UNDERSTANDING THE SWAP
Many residents in town seem to think that the SWAP is a done deal and that it cannot be stopped.
This is an incorrect assumption. In fact this single election may determine whether it goes through or not.
WHAT IS THE SWAP? Simply put the Township will surrender its Library on Plainfield Avenue and pay $2.845 million to the Church and receive the land and buildings on Hamilton Avenue currently owned by the Church. Value of the library is $1,486,257. The township’s appraisal of the Library was done by Value Research Group, and a partner is Paul Beiser, a friend of Mayor Bruno.
The Township expects to sell the Church property to a developer and the proceeds and additional borrowed money to construct at 29 Park Avenue a new Municipal Complex, containing a new library with Township administrative offices.
HOW DID THIS COME ABOUT? In 2012 representatives of Little Flower Church approached Council members Mr. Hall and Mr. Woodruff to discuss the possibility of a swap. These secret meetings were held sometime between February and August 2012. By December 2012 the Mayor (Joe Bruno) was on-board with the idea and so it was announced on the weekend of December 2nd to the Little Flower parishioners that it was under consideration. On December 4th 2012 the announcement was made to the public at a Township Council meeting. An architect, planner and appraiser were secretly hired to begin work in their specialties and reports were created with an appraisal of the properties and concept plans. Believing that the residents would not be likely to approve of this plan, the Council decided to proceed under the Local Redevelopment and Housing Law. A resolution to award contracts to the planner and architect was passed in February 2013, although the work had already been largely completed. In fact the contracts were specified to begin on January 1, 2013 instead of the date of award of the contract.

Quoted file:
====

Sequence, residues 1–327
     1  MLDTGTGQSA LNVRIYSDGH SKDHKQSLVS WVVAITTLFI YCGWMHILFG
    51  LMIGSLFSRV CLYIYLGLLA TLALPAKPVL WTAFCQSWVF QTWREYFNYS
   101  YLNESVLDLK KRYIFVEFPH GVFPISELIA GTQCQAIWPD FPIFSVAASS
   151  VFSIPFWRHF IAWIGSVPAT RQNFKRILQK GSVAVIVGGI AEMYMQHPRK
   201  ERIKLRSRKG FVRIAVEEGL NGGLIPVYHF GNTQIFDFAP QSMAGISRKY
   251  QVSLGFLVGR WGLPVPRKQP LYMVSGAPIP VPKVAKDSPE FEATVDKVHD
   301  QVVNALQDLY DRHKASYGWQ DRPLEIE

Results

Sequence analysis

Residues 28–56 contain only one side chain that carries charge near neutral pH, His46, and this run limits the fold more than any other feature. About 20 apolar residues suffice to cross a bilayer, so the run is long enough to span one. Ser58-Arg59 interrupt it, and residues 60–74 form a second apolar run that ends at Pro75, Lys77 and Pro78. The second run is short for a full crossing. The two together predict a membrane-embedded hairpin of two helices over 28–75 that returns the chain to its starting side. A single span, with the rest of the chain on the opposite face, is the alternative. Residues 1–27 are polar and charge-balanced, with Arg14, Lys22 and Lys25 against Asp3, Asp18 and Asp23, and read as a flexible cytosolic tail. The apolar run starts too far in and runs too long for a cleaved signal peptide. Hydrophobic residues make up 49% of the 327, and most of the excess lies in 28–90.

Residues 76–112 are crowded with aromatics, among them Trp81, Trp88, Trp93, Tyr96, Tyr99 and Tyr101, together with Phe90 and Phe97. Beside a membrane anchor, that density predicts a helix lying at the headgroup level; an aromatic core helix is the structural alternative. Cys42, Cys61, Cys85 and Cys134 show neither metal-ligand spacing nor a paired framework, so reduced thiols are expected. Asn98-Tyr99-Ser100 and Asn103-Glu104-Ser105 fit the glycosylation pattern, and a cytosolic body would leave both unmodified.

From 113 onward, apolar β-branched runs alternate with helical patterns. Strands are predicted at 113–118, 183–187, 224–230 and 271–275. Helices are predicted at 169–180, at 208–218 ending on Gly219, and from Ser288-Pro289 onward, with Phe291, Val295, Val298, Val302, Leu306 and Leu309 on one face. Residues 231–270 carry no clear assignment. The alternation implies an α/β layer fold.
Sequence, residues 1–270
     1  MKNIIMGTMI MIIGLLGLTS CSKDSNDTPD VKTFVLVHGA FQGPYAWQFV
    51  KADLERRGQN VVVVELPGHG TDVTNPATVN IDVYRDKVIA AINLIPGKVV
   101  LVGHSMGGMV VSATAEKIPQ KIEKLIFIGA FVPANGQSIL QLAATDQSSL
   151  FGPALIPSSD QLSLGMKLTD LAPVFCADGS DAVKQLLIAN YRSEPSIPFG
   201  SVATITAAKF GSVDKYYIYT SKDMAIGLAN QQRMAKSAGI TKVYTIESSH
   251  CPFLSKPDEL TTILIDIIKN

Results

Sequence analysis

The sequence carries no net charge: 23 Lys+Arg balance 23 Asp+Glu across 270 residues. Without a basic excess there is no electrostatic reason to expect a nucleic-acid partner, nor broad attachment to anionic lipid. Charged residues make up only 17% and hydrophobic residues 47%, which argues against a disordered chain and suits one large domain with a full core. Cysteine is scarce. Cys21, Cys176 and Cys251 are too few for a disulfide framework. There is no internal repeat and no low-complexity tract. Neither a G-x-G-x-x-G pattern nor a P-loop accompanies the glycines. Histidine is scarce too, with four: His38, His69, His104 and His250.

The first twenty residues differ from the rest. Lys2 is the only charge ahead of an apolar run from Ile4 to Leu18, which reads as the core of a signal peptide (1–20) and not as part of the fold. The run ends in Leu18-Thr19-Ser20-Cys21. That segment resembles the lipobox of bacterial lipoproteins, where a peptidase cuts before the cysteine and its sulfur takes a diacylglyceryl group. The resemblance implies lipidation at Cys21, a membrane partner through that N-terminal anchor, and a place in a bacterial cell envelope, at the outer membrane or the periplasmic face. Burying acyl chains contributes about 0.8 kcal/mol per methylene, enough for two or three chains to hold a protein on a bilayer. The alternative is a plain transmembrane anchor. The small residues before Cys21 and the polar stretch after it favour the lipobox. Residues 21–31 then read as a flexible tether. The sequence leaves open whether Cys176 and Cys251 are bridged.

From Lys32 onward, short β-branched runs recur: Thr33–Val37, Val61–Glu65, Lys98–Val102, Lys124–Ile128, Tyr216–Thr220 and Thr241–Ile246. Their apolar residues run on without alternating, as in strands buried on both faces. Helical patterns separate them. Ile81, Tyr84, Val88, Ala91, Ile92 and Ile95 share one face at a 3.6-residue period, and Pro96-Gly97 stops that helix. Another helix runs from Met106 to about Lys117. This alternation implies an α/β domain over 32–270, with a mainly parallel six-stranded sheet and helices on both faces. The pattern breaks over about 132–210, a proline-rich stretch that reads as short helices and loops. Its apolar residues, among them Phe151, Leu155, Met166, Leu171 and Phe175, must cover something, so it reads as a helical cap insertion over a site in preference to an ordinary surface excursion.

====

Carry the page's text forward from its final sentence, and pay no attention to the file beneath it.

WHAT IS THE LOCAL REDEVELOPMENT AND HOUSING LAW? An area in town can be declared in need of redevelopment based on 8 criteria. Satisfying any one of them is sufficient. The easiest one to satisfy is criterion (h), which essentially means every property in Berkeley Heights is blighted. The planner prepared a report and convinced the Planning Board that the Municipal Complex area was blighted and then the Council agreed that it was. Once this determination of blight was made, the Council acquired enormous power to issue bonds without any voter approval. Residents lose the power to challenge spending unlike other bond ordinances. In fact the residents cannot have a referendum on any ordinance or resolution needed for the swap or redevelopment!
WHAT HAPPENED NEXT? The planner then prepared a Municipal Complex redevelopment plan and the Council adopted it as an ordinance. There is now a concept plan to rebuild the municipal complex slightly west of its current location. The existing complex would be torn down.
WHAT ELSE HAS HAPPENED? A similar process has been followed for the Library property on Plainfield Avenue. The Council determined that the Library property was also in need of redevelopment and has recently passed an ordinance with a redevelopment plan. The Township paid for that redevelopment plan. An agreement for sale has also been signed.
HOW MUCH HAS BEEN SPENT ON ALL THIS? We currently do not have an exact total but at one point last year the total of legal, planning, architecture and advertising fees exceeded $200 thousand. Probably by now the cost is over $300 thousand.
WHAT IS THE COST OF THE NEW MUNICIPAL COMPLEX? We have seen a figure of $27 million and so about $23 million might be bonded. Current township net debt as of December 31, 2015 is about $21.4 million.
WHY HASN’T THE SWAP BEEN COMPLETED? The agreement for sale has certain contingencies that have to be met such as due diligence. There is also some pending litigation since certain council members who have voted to award the initial contracts in February of 2013 were active members of the Church and participated in executive sessions. While this ligation is not an absolute bar to proceeding there is some risk involved in moving ahead before it is resolved.
WHAT ELSE HAS TO TAKE PLACE? Basically, the Township will need to find at least $2.845 million to pay the Church. That probably will have to come from a bond ordinance and takes 4 affirmative votes by the non-conflicted members. They also need to decide how to continue library services after the library is sold.
WHERE DO THE CANDIDATES STAND ON THE ISSUE OF THE SWAP? Tom Maciejewski has decided that this swap is not in the best interests of the Town. He thinks that a referendum on this issue should take place.
The Republican candidates support the swap and the redevelopment of the municipal complex.
The Democrats seem to support it but have said they need more information that they claim is not available yet.
A bullet vote for Tom Maciejewski is one way stop the swap. That means you vote for Tom and no one else.